Term 2 and 3 are the school terms for Rugby/Football/Netball/Hockey, and little Suzy is suddenly expressing an interest in playing a sport. But, Little Suzy has been dancing since she was 3, she's already committed to her ballet exams and those dance competitions, should I let her play?
As a child, I was the kid that did everything. I started off in ballet and then by the time I was 7 years old I was also doing swimming, gymnastics, tennis, athletics, Brownies, netball, playing the Clarinet and I think there was a stint of hockey in there. Some might read that and think my Mum was crazy, how can a child do that many after-school activities, get her homework done and not be burnt out? Too be honest, I don't have the answer to that but I do know that I turned out ok, always got my homework assignments completed early and am so thankful that my Mum let me try so many activities. So here are some reasons based on my experience as to why you should or shouldn't let Little Suzy play sport...
1. Wide Circle of Friends
Growing up I was so lucky to have many different groups of friends. Of course I had my school friends, but because of the range of after-school activities I did, I also had my netball friends, Brownies friends and dance friends. I got on well with these friends all for similar reasons but we connected through our different interests, they all contributed something different to my childhood.
2. Different Skill Sets
Each activity or sport I was involved in helped to widen my skill set. Some of these complimented each other and some of them were quite individual. I always remember my netball coach commenting on how I danced around the netball court, I could jump really high to intercept the ball and turn in the air whilst grabbing it, thanks to dance! I was quick on my feet as my weight was always correctly placed and ready to go, thanks to dance! I had the stamina to get through my dance routines with energy, thanks to running laps at netball! I could hear the different rhythms and instruments of my dance music quickly, thanks to playing the clarinet!
3. It Keeps Everything Interesting
I truly believe that Mum allowing me to try all of these activities helped me realise what I really wanted to do. I always had to stick out the full term (even if I didn't like the activity) and then as I got older I started to narrow down what I wanted to continue. There were so many people I danced with that only participated in dance growing up and come 13 years old hadn't tried anything else and quit. I believe that being able to participate in and experience such a wide range of activities enabled me to realise that dance was what I loved doing.
4. Time Management
Playing sport and dancing enabled me to refine my time management skills at a young age. During NCEA Level 2, I was dancing 5 days a week, training for competitions in Australia whilst committing to netball, but I never handed in an assignment late. Because life was so busy I was forced to schedule my time and make sure that homework time was homework time (not procrastination time). By the time I got to University I was teaching dance, training and performing for the NZ Breakers, Auckland Blues and Vodafone Warriors. My class mates would comment, asking how I managed to finish assignments early when they had no other activities but had barely started their work. I always responded, that I have always been busy and learnt that when I had an hour free I had to use that time wisely.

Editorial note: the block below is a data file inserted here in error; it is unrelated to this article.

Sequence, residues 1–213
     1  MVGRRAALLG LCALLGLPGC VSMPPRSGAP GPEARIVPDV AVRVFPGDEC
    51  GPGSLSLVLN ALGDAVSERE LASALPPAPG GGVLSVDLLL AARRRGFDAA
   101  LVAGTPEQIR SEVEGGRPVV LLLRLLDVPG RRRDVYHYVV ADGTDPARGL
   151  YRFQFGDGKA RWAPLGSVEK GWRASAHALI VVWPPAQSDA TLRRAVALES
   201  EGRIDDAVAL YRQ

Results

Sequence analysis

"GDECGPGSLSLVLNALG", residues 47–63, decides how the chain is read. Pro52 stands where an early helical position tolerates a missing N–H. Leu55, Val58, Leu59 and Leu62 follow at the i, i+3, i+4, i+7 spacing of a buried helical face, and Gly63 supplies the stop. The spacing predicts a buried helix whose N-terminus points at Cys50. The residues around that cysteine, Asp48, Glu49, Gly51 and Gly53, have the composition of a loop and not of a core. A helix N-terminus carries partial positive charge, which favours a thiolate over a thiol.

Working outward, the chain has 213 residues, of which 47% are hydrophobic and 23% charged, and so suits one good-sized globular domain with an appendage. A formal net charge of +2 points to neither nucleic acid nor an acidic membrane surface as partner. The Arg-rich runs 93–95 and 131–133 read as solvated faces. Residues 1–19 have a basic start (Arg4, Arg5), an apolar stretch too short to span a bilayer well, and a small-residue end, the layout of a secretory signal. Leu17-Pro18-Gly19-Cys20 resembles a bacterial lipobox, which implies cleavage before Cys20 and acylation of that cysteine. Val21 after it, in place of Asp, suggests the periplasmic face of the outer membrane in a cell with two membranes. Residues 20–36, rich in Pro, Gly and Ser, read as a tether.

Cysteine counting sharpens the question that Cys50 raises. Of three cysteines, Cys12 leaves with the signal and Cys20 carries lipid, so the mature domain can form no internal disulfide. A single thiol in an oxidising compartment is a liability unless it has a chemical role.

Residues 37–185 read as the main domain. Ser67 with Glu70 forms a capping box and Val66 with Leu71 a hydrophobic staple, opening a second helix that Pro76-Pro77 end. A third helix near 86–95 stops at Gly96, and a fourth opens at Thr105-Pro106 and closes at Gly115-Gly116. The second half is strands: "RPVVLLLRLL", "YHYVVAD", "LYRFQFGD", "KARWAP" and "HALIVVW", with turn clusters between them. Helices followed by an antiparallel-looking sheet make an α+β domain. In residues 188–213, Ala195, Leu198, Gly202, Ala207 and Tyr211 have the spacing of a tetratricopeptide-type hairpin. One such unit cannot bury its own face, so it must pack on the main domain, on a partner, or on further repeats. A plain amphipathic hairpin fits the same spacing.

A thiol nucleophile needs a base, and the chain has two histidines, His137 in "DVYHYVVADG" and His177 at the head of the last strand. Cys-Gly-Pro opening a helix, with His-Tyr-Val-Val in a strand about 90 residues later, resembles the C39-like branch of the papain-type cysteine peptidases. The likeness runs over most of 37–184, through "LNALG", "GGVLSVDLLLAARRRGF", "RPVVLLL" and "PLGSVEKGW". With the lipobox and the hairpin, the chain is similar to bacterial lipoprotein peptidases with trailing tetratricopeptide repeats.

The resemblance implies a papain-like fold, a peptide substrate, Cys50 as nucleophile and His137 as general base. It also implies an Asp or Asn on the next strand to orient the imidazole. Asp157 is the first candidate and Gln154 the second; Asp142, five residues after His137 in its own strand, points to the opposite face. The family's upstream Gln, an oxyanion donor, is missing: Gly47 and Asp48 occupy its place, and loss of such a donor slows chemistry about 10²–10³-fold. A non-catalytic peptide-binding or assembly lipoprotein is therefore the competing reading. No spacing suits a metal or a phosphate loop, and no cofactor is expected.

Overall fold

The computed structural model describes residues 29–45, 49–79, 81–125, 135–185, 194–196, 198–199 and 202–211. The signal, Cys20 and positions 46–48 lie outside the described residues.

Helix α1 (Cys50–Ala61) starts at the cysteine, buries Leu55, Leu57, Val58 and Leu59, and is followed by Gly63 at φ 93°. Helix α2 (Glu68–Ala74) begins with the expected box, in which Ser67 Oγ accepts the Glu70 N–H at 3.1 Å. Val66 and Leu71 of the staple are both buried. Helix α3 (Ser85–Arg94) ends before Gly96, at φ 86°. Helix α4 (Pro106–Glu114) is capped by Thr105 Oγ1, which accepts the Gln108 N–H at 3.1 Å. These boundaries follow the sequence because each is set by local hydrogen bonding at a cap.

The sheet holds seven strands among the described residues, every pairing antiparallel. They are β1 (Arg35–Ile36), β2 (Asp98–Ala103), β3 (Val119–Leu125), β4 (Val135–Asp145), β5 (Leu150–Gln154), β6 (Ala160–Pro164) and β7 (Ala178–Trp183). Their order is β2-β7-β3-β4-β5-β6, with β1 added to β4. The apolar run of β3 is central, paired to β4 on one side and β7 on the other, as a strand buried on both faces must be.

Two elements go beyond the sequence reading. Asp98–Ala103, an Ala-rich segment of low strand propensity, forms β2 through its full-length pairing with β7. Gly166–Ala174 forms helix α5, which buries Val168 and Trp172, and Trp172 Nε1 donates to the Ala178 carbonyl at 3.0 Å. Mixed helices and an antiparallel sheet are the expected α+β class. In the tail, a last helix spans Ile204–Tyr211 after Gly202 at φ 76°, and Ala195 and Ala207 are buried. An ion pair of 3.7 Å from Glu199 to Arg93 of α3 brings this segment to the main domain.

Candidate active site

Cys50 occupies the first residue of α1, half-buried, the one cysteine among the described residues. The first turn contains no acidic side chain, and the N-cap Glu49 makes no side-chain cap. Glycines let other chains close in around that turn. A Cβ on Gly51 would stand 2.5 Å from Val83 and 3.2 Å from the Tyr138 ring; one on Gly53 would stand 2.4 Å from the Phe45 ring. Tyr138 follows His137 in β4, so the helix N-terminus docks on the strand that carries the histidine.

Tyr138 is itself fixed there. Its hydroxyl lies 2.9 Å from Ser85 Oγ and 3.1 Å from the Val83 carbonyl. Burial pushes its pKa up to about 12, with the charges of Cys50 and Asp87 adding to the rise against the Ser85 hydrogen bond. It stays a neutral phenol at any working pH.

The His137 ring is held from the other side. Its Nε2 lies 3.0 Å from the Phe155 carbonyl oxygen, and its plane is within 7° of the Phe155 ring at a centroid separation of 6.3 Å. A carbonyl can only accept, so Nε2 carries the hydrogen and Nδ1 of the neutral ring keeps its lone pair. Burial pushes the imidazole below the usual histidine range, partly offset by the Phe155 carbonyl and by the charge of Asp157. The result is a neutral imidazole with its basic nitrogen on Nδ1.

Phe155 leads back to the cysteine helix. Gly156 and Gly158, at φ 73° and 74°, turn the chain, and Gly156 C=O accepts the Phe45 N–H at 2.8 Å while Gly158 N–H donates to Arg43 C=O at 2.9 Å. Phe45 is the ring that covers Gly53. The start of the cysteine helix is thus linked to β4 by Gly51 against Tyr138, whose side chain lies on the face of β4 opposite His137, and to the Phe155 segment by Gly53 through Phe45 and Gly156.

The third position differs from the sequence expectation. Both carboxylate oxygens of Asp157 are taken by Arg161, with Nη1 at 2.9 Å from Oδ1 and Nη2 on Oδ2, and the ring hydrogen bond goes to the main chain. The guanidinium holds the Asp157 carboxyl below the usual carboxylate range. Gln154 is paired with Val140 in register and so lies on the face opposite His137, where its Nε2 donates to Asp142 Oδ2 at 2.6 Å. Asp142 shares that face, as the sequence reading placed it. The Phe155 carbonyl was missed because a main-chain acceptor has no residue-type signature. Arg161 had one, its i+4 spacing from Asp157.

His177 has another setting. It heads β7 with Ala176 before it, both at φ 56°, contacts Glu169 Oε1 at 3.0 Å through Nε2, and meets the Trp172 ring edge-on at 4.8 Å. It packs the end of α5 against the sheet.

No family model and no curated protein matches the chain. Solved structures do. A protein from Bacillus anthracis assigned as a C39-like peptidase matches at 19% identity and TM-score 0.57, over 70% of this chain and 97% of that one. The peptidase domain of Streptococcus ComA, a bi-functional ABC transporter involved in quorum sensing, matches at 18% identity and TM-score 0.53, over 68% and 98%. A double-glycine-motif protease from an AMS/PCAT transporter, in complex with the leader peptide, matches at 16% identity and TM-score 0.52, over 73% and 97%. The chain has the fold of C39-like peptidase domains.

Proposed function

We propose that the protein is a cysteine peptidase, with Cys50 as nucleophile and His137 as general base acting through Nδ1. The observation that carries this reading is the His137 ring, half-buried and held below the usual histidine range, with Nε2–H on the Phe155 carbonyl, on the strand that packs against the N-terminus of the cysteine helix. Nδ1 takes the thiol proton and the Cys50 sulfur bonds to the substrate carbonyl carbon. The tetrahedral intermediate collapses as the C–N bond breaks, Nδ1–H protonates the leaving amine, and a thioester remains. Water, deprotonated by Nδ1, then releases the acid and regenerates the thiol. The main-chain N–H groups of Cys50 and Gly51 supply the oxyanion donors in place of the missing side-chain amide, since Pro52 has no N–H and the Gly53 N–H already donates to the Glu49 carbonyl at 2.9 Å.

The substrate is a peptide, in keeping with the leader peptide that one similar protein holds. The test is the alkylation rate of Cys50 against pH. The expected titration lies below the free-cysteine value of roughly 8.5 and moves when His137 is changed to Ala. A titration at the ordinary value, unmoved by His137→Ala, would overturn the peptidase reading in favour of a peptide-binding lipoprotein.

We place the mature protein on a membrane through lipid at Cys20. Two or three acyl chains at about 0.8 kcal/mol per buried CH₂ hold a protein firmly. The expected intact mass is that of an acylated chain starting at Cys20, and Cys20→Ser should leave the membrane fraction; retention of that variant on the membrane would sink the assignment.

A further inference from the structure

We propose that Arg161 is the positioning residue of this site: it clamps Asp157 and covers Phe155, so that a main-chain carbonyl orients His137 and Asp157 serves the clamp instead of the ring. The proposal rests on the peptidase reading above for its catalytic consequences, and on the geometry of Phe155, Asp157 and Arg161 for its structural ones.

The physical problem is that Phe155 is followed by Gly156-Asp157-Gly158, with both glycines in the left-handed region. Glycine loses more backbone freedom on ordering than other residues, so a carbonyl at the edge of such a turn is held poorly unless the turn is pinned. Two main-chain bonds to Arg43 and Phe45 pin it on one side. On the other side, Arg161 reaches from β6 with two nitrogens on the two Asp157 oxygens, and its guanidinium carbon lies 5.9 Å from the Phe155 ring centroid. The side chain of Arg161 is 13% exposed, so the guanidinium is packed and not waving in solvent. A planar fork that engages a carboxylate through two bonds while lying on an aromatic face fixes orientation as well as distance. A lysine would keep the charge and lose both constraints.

Being part of a dance competition team and a netball team (or any sports team) is a lot of responsibility, there are two potential teams that you could end up letting down, however there are ways to make it work. You can't change the day of your dance exam and your dance competition team doesn't generally have reserves, but a sports team does. It is important to be organised with your dates and working with your sports coach to make sure that a game you're rostered to sub off for is on a competition day etc. Mum and I managed to make both work from the time I added netball to my activities, right though until I finished during university. We never missed a dance practice or performance, in fact I rarely missed a netball game (or game I was scheduled to umpire). It is possible to make them both work.
There are so many other physical benefits to a dancer playing sport. Yes, there are risks of injuries from sport that can affect dance but as long as the dancer knows this, ensures they warm up correctly before their games and warms down afterwards, preventable injuries can be avoided. I think the most important thing to check is that Little Suzy can commit to whatever she takes on. If she is a little bit older and looking at taking her dance through to a professional career, perhaps sport isn't the right option, however if she is young I strongly believe in allowing children the opportunity to experience different activities on top of their dance to see what really enjoy.
This past term, I have loved seeing photos and hearing stories of our BoPPA Performance students starting netball, tearing up the rugby field. I think it is all part of being a child, experiencing these activities, learning about commitment, finding out what they really enjoy doing!
How my journey ended...I began to take my dancing very seriously at about 10 years old, this is when Mum said I needed to make some decisions. I dropped a lot of my activities, picked up ballet again and some drama lessons but managed to keep netball going alongside. The most important thing was that I had tried all of the activities I wanted to try, not let anyone down along the way and was able to make a decision about what I really wanted to pursue.
Miss Dani x